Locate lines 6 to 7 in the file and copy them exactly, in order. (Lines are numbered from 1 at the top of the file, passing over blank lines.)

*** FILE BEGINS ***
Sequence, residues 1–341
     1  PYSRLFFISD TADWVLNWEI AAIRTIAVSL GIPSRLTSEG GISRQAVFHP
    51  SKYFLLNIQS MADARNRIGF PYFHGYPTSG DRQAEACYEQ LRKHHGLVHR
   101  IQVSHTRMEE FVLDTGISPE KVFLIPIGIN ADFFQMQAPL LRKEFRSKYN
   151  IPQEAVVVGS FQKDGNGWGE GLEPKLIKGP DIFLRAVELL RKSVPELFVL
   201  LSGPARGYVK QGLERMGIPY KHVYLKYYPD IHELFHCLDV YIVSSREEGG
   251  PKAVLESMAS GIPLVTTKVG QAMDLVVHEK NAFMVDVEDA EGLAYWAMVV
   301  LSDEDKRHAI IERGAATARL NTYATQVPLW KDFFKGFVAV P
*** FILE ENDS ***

   201  LSGPARGYVK QGLERMGIPY KHVYLKYYPD IHELFHCLDV YIVSSREEGG
   251  PKAVLESMAS GIPLVTTKVG QAMDLVVHEK NAFMVDVEDA EGLAYWAMVV